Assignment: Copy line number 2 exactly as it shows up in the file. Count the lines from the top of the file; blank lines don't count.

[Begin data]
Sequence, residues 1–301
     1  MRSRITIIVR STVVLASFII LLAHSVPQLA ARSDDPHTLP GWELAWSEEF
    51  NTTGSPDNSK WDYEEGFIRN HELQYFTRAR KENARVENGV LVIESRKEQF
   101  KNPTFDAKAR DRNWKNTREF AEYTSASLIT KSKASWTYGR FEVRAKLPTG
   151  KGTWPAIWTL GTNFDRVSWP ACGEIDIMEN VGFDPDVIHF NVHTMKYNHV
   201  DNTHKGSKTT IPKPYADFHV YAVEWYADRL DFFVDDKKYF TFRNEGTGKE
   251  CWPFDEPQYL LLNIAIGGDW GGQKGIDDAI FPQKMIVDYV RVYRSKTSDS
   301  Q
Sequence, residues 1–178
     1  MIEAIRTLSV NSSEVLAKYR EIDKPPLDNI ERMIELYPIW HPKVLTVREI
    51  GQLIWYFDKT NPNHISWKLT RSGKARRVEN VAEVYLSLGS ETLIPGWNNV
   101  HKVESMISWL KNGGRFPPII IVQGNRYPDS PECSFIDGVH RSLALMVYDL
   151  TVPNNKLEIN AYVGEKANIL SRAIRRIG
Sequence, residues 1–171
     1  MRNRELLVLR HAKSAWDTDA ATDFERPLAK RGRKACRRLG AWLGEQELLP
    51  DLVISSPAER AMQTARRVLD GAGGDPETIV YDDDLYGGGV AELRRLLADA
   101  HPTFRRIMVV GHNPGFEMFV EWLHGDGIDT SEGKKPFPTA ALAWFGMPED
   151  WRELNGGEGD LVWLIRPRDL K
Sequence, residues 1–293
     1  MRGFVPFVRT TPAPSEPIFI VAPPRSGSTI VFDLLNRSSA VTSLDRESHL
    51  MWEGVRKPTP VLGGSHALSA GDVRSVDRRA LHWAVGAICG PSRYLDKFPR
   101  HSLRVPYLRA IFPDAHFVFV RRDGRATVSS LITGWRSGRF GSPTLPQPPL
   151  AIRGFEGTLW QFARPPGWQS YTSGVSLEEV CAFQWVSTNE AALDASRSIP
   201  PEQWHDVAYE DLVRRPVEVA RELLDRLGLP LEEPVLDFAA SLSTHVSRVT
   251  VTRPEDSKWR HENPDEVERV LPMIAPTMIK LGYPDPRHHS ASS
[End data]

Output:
     1  MRSRITIIVR STVVLASFII LLAHSVPQLA ARSDDPHTLP GWELAWSEEF